Why an Accurate 2020 Census Matters: Money, Power and Truth


BY  KYLA FULLENWIDER

Representatives and direct Taxes shall be apportioned among the several States which may be included within this Union, according to their respective Numbers, which shall be determined by adding to the whole Number of free Persons, including those bound to Service for a Term of Years, and excluding Indians not taxed, three fifths of all other Persons. The actual Enumeration shall be made within three Years after the first Meeting of the Congress of the United States, and within every subsequent Term of ten Years, in such Manner as they shall by Law direct. -Article 1, Section 2

One year from now, millions of U.S. residents will participate in the nation’s largest non-wartime effort: the 2020 Census. Ensuring that Decennial Census is accurate is important for reasons beyond basic statistics. The Census generates the data that will guide, for the next decade, how much federal funding cities and states get and whether they will have political representation in proportion to their populations.

Every decade since 1790, the Census has conducted a count of our nation’s population to determine congressional apportionment. In designing the Census, the framers of the Constitution saw an opportunity to distribute political power among the states, a concept that may not seem revolutionary today, but was the first of its kind. Censuses had historically been used for taxation, so enshrining the census into our Constitution for determining representation was an innovative, if imperfect, way to distribute power. Though there were discriminatory and structural imperfections from the start, the design allowed new states to be included in the still-forming nation and created a mechanism for representation of all states and their residents.

Today, the importance of Census data is hard to overstate. Not only does it determine congressional apportionment and how federal funding is spent each year —now over $800 billion dollars- it also guides infrastructure expenditures, as well as the funding that determines much of our most critical domestic resource distribution including Medicare, Medicaid, the early childhood education program Head Start, and the women and children’s nutritional program WIC.

Census data is used for drawing congressional districts, state legislative districts, school districts and voting precincts. And while these decisions last a decade, there are other consequences that can last a lifetime. Policy makers and urban planners use census data to shape the future of our domestic infrastructure—including schools, parks, highways, public transportation, hospitals, libraries, police and fire departments. Quality of life issues that directly impact communities for decades—such as where a new park or school should be built—depend on an accurate count.

The Census also provides our nation’s foundational dataset, the basis upon which so much other data is based. It is used in research, algorithms, journalism, and business development planning. In many ways, it creates the reality upon which our institutions, our lives, and our futures are built. It is the public’s data, an asset that is becoming increasingly important as the world’s data becomes increasingly privatized.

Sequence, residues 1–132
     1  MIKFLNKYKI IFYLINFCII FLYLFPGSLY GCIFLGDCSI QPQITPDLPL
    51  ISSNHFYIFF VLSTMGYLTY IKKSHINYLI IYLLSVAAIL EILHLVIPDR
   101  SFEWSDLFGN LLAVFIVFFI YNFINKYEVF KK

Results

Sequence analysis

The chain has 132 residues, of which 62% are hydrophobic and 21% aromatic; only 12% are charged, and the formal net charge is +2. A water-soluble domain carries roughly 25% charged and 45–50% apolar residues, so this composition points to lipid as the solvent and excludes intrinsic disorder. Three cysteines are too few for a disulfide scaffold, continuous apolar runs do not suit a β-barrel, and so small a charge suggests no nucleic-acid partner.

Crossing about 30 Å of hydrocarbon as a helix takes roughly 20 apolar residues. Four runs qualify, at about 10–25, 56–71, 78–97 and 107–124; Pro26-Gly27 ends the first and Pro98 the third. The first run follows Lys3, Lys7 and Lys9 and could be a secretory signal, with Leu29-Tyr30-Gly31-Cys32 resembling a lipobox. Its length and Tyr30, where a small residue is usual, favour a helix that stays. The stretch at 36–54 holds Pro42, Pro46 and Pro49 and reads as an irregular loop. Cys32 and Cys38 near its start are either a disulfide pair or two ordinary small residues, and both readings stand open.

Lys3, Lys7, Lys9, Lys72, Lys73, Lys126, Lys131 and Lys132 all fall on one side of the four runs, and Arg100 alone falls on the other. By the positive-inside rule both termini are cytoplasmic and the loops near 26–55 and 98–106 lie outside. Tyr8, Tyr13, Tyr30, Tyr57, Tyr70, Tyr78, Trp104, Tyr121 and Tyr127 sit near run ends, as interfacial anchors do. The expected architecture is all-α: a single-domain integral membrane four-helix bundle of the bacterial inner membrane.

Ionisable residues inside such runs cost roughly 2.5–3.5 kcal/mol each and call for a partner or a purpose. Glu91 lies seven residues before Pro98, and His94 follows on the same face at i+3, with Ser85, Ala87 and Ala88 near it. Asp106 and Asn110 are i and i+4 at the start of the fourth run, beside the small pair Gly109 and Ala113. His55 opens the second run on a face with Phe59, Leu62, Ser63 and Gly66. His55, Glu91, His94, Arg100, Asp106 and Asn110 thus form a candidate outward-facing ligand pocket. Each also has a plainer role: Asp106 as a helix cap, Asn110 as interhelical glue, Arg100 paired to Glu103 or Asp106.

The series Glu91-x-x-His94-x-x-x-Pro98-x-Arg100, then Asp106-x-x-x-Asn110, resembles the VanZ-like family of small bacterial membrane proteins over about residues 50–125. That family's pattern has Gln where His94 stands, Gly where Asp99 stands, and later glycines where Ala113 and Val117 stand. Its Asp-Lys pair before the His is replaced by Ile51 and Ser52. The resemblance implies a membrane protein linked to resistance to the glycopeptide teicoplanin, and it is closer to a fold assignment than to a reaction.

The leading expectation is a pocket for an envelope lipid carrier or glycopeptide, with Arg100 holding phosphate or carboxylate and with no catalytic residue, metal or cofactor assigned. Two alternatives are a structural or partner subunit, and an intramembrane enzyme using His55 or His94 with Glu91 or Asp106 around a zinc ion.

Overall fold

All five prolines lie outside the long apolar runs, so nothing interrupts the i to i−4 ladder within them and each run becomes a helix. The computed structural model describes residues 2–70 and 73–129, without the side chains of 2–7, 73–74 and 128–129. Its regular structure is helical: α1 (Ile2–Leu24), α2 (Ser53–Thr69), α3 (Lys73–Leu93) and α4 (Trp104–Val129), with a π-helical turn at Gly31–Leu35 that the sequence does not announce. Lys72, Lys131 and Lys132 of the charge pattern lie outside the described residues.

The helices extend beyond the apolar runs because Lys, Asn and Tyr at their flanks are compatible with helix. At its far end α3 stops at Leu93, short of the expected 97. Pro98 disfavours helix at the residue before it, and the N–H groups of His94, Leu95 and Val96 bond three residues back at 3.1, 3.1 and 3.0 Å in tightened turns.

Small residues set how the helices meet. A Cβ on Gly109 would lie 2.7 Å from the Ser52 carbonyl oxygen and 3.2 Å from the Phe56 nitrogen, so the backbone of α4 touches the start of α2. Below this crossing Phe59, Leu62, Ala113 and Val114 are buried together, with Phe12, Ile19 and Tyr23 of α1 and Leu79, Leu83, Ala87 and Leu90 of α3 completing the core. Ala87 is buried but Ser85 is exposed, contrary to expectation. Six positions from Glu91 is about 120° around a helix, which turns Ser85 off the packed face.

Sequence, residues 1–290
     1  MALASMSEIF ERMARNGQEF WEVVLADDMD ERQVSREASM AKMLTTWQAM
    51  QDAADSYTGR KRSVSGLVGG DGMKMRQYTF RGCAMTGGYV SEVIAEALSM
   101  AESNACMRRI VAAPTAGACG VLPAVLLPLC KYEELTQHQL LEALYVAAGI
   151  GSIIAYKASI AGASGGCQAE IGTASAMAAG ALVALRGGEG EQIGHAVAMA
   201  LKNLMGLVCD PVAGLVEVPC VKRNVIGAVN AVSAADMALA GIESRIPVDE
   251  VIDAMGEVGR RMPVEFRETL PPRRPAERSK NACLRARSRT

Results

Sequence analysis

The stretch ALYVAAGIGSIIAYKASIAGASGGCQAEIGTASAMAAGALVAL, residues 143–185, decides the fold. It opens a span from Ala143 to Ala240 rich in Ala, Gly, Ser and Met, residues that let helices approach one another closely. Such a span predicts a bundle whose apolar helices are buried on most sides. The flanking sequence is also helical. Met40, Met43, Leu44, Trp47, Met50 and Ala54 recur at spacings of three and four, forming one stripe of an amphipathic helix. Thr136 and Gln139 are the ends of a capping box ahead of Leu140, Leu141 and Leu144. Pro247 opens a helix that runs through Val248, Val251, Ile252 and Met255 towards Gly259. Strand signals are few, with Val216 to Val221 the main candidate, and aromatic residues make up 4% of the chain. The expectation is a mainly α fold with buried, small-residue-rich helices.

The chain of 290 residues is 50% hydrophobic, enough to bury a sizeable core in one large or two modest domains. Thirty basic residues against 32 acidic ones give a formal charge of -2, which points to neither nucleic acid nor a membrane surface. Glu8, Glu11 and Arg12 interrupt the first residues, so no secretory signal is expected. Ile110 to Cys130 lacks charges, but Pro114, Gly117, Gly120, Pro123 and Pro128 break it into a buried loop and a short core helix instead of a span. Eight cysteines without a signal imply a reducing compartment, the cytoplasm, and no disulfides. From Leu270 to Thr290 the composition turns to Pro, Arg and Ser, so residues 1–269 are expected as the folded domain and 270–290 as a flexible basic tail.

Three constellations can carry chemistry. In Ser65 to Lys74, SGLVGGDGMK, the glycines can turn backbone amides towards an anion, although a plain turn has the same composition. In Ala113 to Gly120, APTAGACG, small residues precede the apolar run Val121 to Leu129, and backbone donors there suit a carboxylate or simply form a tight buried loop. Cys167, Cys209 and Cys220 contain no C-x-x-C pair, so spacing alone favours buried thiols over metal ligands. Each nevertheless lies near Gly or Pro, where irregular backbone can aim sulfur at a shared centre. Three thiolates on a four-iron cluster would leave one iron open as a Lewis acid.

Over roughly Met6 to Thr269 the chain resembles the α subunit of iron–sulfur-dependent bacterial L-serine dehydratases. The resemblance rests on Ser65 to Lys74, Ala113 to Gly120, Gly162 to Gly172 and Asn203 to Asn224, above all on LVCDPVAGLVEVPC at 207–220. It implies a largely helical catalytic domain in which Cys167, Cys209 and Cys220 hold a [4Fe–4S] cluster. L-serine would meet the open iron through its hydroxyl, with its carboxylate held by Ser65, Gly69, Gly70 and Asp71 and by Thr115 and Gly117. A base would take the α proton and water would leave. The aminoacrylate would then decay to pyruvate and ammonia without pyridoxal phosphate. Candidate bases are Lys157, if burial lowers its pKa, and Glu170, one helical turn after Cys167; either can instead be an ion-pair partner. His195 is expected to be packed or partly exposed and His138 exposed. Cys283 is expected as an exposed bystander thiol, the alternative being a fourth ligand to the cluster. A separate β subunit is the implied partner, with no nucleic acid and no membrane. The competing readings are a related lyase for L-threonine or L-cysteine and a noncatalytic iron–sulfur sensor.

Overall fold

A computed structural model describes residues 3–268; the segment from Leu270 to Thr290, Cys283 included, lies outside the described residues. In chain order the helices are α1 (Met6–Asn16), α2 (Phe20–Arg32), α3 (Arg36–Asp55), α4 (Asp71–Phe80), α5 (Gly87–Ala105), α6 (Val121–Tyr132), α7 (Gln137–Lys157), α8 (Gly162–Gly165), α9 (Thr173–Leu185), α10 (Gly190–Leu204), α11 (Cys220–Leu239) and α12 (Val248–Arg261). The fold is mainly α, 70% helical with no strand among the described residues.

The last Decennial Census took place in a vastly different technology and media landscape: Facebook and Twitter were not yet dominant news platforms, WhatsApp and Instagram were nascent, and barely a quarter of the U.S. had smartphones. The Census was still largely submitted through a paper form. Next year, millions of U.S. residents will respond to the Census on digital platforms and hundreds of thousands of federal workers will use handheld devices to conduct the count in real time.

And while many respondents—especially those considered hard-to- count—will answer using a paper form, modernization efforts present a host of new vulnerabilities that the Census Bureau is facing for the first time. Political rhetoric, disinformation campaigns, strained hiring, and an untested question on citizenship will all be forces that shape the count. And as our country continues to grapple with polarizing division the Census is at risk of being further weaponized.

Our democratic institutions have never been more important or more vulnerable and the U.S. Census is no exception. Its integrity so fundamental to our American form of government it’s rendered invisible at times. What’s at stake? Federal funding, apportionment, and facts: Money, power, and truth. One year from now we have an opportunity to conduct a fair and accurate count. The integrity of our data—and our democracy—depends on it.

Adapted from Can Cities Save the Census? A Local Framework for Our Nation’s First Digital Count, published by the Shorenstein Center on Media, Politics and Public Policy at the John F. Kennedy School of Government.

This article is a part of the Census 2020 series, which offers perspectives on the opportunities and challenges of the next U.S. decennial census. 

Kyla Fullenwider is an Entrepreneurship Fellow at the Shorenstein Center on Media, Politics, and Public Policy at the Harvard Kennedy School. She previously served as the first Chief Innovation Officer of the U.S. Census Bureau and as a White House Presidential Innovation Fellow. 

 

 

Edited by Maggie Kadifa

Photo by Rob Curran on Unsplash

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